Toward an understanding of political enthusiasm as media fandom:: Blogging, fan productivity and affect in American politics

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Abstract

Blogs, alongside being an increasingly visible part of the contemporary public sphere, are spaces of communication that offer insights into the motivations and practices of political enthusiasm. Based on the analysis of the one hundred most commented on, most recommended and most ‘hotlisted’ blogs per week on the popular progressive blog Daily Kos during a 22 week period from September 2012 to January 2013, this paper argues that political enthusiasm is best conceptualised as a form of media fandom, in which blogging and commenting on blogs constitute forms of enunciative and textual productivity motivated by the affective bond between citizens and politicians as fans and fan objects. This study offers no support for recent suggestions that blogging leads to general political polarisation, and instead indicates that polarisation effects vary among different political fan cultures and across the political spectrum. However, its findings suggest that the affective basis of political fandom – fans’ self-reflective investments in given symbolic forms (such as politicians and parties) rather than substance (values and beliefs) – problematises the efficacy and legitimacy of indirect, representative democracies in the digital age.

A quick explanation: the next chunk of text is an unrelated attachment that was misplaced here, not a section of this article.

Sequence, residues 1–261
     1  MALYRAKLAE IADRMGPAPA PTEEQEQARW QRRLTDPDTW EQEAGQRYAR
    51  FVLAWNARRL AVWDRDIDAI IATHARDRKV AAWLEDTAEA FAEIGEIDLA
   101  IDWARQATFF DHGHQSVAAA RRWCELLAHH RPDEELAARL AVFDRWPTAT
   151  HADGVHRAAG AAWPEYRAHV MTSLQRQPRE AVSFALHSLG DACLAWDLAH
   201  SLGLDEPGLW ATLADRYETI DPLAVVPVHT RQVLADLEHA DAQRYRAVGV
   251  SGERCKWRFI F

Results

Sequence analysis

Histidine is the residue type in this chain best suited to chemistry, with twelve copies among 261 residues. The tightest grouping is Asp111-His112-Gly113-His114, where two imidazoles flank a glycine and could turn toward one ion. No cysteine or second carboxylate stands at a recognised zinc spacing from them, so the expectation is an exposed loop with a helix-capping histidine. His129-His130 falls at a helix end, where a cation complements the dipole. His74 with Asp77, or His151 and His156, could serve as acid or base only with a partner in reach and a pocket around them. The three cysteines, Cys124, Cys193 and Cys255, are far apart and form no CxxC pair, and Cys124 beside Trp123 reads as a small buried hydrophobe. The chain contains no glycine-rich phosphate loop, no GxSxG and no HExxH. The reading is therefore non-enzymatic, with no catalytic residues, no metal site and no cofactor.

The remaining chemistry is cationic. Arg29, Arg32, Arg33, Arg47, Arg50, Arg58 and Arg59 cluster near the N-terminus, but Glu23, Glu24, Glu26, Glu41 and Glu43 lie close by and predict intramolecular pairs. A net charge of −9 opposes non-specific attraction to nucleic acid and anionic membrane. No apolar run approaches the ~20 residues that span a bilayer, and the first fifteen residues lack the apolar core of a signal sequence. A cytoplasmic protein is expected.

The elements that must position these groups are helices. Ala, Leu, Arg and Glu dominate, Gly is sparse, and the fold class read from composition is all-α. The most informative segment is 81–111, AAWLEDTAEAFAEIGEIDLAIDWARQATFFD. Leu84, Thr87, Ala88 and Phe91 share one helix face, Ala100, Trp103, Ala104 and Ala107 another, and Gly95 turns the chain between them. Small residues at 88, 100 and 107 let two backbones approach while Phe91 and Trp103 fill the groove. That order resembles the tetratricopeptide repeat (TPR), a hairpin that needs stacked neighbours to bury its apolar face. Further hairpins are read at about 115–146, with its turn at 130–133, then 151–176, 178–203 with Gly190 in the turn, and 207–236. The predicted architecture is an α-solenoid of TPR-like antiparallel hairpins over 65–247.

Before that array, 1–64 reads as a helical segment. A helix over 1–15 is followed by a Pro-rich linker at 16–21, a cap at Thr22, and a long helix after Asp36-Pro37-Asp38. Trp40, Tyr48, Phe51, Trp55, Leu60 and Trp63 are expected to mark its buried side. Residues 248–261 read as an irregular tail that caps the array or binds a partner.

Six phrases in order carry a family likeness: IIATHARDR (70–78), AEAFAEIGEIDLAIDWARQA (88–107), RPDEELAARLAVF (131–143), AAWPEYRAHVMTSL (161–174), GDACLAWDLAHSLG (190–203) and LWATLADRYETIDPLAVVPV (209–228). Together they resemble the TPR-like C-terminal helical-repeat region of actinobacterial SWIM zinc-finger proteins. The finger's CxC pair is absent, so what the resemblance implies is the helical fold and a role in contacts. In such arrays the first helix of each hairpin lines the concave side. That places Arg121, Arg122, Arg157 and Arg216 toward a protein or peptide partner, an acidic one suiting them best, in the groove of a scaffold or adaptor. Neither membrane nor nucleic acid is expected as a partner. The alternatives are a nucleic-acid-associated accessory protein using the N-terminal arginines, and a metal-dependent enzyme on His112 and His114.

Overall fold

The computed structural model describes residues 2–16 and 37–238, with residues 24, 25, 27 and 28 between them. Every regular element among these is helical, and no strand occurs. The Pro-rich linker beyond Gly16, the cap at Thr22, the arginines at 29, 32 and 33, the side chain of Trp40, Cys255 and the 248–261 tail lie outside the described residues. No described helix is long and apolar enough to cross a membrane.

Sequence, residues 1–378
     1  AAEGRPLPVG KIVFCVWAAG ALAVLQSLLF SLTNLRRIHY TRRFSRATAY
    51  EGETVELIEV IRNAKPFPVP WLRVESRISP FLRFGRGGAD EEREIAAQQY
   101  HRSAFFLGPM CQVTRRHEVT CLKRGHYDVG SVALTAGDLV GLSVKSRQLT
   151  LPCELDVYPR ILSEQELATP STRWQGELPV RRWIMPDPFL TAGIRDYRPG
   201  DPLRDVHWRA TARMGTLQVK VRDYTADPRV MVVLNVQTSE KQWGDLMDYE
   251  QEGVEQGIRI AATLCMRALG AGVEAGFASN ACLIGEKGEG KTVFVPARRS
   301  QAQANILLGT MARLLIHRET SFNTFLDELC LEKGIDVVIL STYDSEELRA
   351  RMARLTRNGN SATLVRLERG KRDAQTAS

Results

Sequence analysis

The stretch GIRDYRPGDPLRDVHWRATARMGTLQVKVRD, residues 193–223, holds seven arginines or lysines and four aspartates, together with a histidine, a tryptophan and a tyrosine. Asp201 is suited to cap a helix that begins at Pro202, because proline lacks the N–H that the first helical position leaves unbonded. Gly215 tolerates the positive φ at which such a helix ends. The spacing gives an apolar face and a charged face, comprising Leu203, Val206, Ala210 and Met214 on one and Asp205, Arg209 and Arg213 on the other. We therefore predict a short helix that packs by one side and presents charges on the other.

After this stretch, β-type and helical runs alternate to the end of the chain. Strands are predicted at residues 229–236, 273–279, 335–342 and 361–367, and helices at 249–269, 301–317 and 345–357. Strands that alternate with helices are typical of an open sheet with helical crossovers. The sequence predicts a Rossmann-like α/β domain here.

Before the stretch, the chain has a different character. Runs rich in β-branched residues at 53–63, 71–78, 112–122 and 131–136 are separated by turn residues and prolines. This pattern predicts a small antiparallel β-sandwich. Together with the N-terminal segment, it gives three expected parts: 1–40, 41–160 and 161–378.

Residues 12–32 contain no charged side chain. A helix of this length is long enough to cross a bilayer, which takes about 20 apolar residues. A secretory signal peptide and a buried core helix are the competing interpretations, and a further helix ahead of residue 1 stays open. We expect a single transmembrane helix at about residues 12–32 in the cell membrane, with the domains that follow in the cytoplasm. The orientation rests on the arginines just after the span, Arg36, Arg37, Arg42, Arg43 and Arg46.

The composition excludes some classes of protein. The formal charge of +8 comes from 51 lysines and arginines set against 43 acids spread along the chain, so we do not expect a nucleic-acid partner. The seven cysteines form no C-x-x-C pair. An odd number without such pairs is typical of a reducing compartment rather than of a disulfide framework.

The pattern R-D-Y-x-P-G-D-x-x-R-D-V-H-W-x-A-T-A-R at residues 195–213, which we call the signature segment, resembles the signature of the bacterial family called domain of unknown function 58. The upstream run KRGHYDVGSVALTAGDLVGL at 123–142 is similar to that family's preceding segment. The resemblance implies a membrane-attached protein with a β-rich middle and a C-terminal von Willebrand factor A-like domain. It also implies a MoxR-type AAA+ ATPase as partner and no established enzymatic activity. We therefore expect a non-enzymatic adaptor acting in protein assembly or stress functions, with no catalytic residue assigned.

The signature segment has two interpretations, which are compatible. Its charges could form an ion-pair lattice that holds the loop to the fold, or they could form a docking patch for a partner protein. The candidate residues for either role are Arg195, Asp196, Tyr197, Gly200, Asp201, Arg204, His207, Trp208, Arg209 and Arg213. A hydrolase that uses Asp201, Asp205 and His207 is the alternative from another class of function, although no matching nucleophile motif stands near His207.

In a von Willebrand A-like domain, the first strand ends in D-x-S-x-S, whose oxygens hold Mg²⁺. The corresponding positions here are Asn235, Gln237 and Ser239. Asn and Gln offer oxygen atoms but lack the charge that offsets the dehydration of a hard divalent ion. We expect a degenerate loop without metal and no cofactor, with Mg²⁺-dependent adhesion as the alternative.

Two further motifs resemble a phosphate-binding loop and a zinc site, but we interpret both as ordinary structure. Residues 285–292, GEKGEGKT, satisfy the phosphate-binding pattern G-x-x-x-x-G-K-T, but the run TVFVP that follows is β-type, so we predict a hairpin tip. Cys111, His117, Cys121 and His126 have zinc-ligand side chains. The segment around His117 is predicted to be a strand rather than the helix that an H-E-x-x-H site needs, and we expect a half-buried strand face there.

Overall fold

LanguageEnglish
Pages252-296
Number of pages45
JournalParticipations; Journal of audience and reception studies
Volume10
Issue number1
Publication statusPublished - 1 May 2013
Externally publishedYes

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Cite this

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abstract = "Blogs, alongside being an increasingly visible part of the contemporary public sphere, are spaces of communication that offer insights into the motivations and practices of political enthusiasm. Based on the analysis of the one hundred most commented on, most recommended and most ‘hotlisted’ blogs per week on the popular progressive blog Daily Kos during a 22 week period from September 2012 to January 2013, this paper argues that political enthusiasm is best conceptualised as a form of media fandom, in which blogging and commenting on blogs constitute forms of enunciative and textual productivity motivated by the affective bond between citizens and politicians as fans and fan objects. This study offers no support for recent suggestions that blogging leads to general political polarisation, and instead indicates that polarisation effects vary among different political fan cultures and across the political spectrum. However, its findings suggest that the affective basis of political fandom – fans’ self-reflective investments in given symbolic forms (such as politicians and parties) rather than substance (values and beliefs) – problematises the efficacy and legitimacy of indirect, representative democracies in the digital age.",
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